It might be worse. Sales trainer Mike Bosworth says, “Many salespeople only have two modes: talking and waiting to talk.”

We Don’t Remember Accurately

In addition to this point also addressed above, research indicates 52% of a commercial conversation is forgotten in an hour, and 90% within a week. This is why coaching has always been considered best done immediately following the call.

We Aren’t Self-Aware

A Harvard Business Review article, How to Crack the Self-Awareness Paradigm provides advice to business leaders that’s also applicable for sales people.

“Your own (self-evalutation) questions can only go so far — you cannot be aware of things you don’t know. Comparing one’s own perceptions to what others observe can provide striking bits of insight. For example, you may think you communicate, delegate, supervise, and recognize others well, but until you receive others’ opinions on these things, you cannot truly know.”

I’ve always liked the explanation, “sales people are just in time, opportunity specific learners.” Sales people benefit from the context and focus that situational coaching provides.

Apprenticeship and coaching have a long and rich history. Sports teams are a good model. In most team sports, coaching is an integral part of execution.  It’s delivered in real-time, or during Monday game-tape review sessions.

Why Aren’t Sales People Coached?

A number of real challenges get in the way of regular and effective sales coaching:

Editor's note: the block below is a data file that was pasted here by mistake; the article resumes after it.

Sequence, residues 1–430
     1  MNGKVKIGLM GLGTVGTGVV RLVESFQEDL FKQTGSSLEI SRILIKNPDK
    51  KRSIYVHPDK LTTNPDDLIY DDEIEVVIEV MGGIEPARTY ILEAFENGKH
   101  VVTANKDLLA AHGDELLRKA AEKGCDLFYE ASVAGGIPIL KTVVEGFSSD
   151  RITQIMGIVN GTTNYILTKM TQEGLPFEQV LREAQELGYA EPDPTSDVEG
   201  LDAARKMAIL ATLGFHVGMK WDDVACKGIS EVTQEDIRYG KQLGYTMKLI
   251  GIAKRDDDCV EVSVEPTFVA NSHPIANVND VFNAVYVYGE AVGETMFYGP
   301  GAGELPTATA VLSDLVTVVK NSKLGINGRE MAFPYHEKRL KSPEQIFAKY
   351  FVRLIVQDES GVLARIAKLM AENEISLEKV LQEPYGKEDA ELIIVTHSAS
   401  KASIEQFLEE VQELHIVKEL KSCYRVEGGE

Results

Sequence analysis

• Lack of desire — by some managers and reps
  • Lack of coaching expertise and knowledge
  • Logistics — time, the ability to get into meetings, coordinating timing between manager and reps
  • Methodology — to make the experience effective and efficient for all participants, a repeatable and consistent practice across the sales organization
  • Scale — this is a killer.

When manager-to-rep ratios were 1:7 and selling was local, sales coaching was relatively easy. Managers didn’t face the significant scale challenges of 1:10-15 ratios, with sales reps situated remotely, and selling nationally/globally.

Missing Ingredient For Sales Coaching

During a conversation with Marc Miller, author of two excellent sales books (Selling is Dead, and A Seat at the Table), and founder/CEO of SpearFysh, I was surprise to learn what is probably the most important reason sales people aren’t effectively coached.

Sales managers and their reps lack the inputs necessary to coach. They lack data.

Think about it. If the manager wasn’t in or on the call, if they didn’t experience the sales performance in action, how could they know what and how to coach?

Without an ability to “replay the sales conversation” the way sports teams do with their game tapes, everyone is relying on cryptic notes or faulty memory.

This makes sense. But I never distinguished the idea. I just assumed the manager had to be in the call to begin with.

Recording Sales Conversations

A colleague of mine was working with a mega software company and their sales training vendor. One of the principles they were working on was the importance of sales people listening more than talking. The software sales reps had agreed on the goal of listening 80% of the time in the call.